The final object in this row is NGC 395, the smallest, faintest, and most irregular of the three. It is nevertheless distinctly visible in this small telescope under good conditions.
If you’re using Sky Safari Pro to navigate these stars, as I was, you’ll find it doesn’t plot 371 or 395 as such. It does show many of the stars that make up these objects, but to show them plotted and labeled by name you have to perform a search for them. This creates visual confusion, as these objects are far more prominent than the tiny clusters which are plotted in this area, and which I never noticed.
A tiny cluster which I did notice lies a little off the line established by the previous three objects, and is of a very different visual character. NGC 330 is listed as an open cluster by Sky Safari, but other sources call it a globular. Based on its appearance in images and through the eyepiece, I think its identification as a globular is more likely. It spans only about one arc minute in my telescope, and consists mainly of a tiny, elongated bright core which may consist of as few as two brighter stars. I couldn’t quite make out the true nature of this minute glow with my small aperture. A few nearby faint stars may be associated with this cluster, but that’s about all there is to this remote object.
Now we move on to the primary superstar of this whole area of the sky, the magnificent globular cluster 47 Tucanae. Easily visible to the naked eye as a 4th magnitude star lying just west of the SMC, this cluster has no rival in the north, and puts up a good fight against Omega Centauri for the title of Greatest Globular Cluster. Both objects received star designations before their true, non-stellar nature was discovered. 47 Tuc is more formally known as NGC 104.
Seen in my itty-bitty refractor, 47 Tuc utterly dominates its field at 50x, or indeed at any other power. It’s strongly concentrated toward the center, which is a solid blaze of creamy light. Its expansive halo, which appears at least thirty arc minutes across, is powdered with a hundred or so tiny, perfect star-flecks, though Tui, my friend and host here in New Zealand, could not make out any of the individual stars. This cluster lies about 13,000 light-years away, making it one of the nearest globulars, which partially accounts for its grandeur for those lucky enough to see it.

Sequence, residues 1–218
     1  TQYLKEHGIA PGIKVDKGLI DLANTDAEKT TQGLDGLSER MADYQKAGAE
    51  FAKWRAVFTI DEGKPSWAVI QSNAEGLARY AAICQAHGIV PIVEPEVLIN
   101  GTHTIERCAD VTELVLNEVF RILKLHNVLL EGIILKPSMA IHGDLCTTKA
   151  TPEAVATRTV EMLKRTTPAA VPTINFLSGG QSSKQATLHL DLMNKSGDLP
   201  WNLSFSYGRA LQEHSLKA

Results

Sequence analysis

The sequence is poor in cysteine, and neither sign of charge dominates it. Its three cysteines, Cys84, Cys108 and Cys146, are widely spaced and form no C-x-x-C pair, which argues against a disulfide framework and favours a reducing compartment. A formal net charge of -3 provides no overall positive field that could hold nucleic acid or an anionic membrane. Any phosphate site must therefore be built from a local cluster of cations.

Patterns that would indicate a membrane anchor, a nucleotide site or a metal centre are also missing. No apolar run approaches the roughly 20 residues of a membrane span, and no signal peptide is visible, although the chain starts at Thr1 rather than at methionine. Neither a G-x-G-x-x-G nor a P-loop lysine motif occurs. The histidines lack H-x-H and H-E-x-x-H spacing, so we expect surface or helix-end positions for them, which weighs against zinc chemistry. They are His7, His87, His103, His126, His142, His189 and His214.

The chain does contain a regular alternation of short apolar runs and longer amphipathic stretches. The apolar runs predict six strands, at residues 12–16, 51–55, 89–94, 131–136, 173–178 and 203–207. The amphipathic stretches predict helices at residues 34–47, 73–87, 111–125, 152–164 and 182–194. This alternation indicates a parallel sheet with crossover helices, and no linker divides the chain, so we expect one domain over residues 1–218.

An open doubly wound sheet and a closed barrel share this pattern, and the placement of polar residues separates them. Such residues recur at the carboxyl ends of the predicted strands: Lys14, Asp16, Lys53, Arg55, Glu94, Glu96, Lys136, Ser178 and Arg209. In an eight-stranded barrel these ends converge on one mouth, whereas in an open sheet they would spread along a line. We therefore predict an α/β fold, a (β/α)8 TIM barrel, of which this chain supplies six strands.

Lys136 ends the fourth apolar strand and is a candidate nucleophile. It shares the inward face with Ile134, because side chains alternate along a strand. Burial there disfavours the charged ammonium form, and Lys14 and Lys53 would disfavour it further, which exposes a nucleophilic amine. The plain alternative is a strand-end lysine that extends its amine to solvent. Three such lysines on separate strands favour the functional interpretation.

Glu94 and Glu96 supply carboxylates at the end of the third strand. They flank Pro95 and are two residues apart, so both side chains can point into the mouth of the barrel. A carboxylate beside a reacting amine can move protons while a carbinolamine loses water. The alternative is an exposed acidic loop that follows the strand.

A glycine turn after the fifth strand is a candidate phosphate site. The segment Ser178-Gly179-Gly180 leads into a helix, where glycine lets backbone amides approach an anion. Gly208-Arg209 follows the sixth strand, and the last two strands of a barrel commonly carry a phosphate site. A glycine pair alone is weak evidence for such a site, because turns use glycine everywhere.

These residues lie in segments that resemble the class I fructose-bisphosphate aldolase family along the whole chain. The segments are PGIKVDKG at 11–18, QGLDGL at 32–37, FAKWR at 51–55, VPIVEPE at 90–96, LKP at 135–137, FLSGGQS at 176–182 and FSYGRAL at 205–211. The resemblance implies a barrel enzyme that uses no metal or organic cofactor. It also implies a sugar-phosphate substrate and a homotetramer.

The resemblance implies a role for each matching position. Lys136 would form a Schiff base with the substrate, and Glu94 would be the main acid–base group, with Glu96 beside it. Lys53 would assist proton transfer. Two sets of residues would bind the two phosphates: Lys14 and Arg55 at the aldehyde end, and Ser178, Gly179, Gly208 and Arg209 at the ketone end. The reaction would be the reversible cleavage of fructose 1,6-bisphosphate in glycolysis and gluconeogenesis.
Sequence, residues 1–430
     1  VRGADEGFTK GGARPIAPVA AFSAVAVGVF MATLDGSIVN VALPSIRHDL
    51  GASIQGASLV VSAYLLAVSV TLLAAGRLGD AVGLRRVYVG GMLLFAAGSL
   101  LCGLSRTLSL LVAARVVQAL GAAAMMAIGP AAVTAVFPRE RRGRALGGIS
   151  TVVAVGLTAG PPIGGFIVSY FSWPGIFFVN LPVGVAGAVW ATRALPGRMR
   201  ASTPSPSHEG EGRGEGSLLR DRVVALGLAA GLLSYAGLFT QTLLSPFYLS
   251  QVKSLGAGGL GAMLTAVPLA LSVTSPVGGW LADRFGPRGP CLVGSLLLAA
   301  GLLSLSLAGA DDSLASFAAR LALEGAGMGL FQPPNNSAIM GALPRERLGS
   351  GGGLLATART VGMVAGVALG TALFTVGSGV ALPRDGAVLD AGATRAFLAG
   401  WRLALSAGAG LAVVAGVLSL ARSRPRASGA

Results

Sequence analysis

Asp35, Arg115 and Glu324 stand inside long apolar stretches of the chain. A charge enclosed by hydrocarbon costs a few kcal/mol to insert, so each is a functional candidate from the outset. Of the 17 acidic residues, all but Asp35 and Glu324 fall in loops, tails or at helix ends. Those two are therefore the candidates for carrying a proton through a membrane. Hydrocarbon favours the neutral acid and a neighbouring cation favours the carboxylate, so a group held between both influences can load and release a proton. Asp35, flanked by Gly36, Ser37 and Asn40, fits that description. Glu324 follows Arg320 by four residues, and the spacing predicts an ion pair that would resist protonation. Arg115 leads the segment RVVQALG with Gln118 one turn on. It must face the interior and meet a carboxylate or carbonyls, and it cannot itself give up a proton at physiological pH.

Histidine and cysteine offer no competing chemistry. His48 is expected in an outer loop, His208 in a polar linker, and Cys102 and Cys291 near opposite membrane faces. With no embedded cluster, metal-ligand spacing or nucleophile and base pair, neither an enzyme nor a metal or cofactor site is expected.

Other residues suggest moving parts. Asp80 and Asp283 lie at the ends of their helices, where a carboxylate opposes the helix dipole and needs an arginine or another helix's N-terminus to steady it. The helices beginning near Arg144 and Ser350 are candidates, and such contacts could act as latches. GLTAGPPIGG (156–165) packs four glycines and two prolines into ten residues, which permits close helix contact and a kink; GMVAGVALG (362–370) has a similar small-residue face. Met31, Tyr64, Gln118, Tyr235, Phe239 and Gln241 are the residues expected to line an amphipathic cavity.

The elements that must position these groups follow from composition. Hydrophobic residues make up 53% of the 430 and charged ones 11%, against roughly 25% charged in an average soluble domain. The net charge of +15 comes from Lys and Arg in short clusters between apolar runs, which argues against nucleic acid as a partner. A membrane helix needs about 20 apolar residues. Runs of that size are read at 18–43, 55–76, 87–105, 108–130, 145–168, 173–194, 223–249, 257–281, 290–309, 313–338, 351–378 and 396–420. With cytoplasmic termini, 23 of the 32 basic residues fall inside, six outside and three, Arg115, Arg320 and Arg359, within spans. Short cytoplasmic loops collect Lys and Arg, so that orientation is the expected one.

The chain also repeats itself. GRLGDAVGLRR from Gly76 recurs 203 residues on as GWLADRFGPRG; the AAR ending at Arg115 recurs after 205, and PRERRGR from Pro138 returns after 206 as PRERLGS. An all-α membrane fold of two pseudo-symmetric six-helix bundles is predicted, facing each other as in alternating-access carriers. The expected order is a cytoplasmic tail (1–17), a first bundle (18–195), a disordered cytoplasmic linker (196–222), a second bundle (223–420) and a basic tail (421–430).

While I was in the neighborhood, I decided to check out a pair of nearby objects which are hugely overshadowed by its justly famous neighbor. The first is NGC 121, another globular cluster, but sharing the same apparent relationship to 47 Tuc as a flea does to a dog. It’s 200,000 light-years away, and associated with the SMC! That means it’s fifteen times farther away than 47 Tuc, which explains why it looks so small and inconspicuous in my refractor. I estimated its brightness as magnitude 11, which is backed up by other sources. It’s just a tiny glimmer, maybe one arc minute across, lurking inconspicuously and rarely noticed.
Finally, I decided to try for something I didn’t expect to see at all. Lying roughly opposite of 47 Tuc from NGC 121, PGC 260239 is a little-known galaxy, easily located due to its involvement with a short line of three stars of magnitudes 10-12. These stars were obvious in my telescope at 50x, and the galaxy itself was surprisingly apparent, a fair-sized if vague elliptical glow with some central condensation. Sky Safari calls it magnitude 13, but I think it must be brighter than that to be visible in my telescope, especially given its substantial angular size.
After ferreting out a few deep sky objects ranging from the glaringly obvious to the faint and obscure, it’s refreshing to lean back from the eyepiece and take in the stunning sights of the looming Large Magellanic Cloud, and the swath of brilliant Milky Way that holds so many wonderful and legendary objects. More on some of those next month.Share This: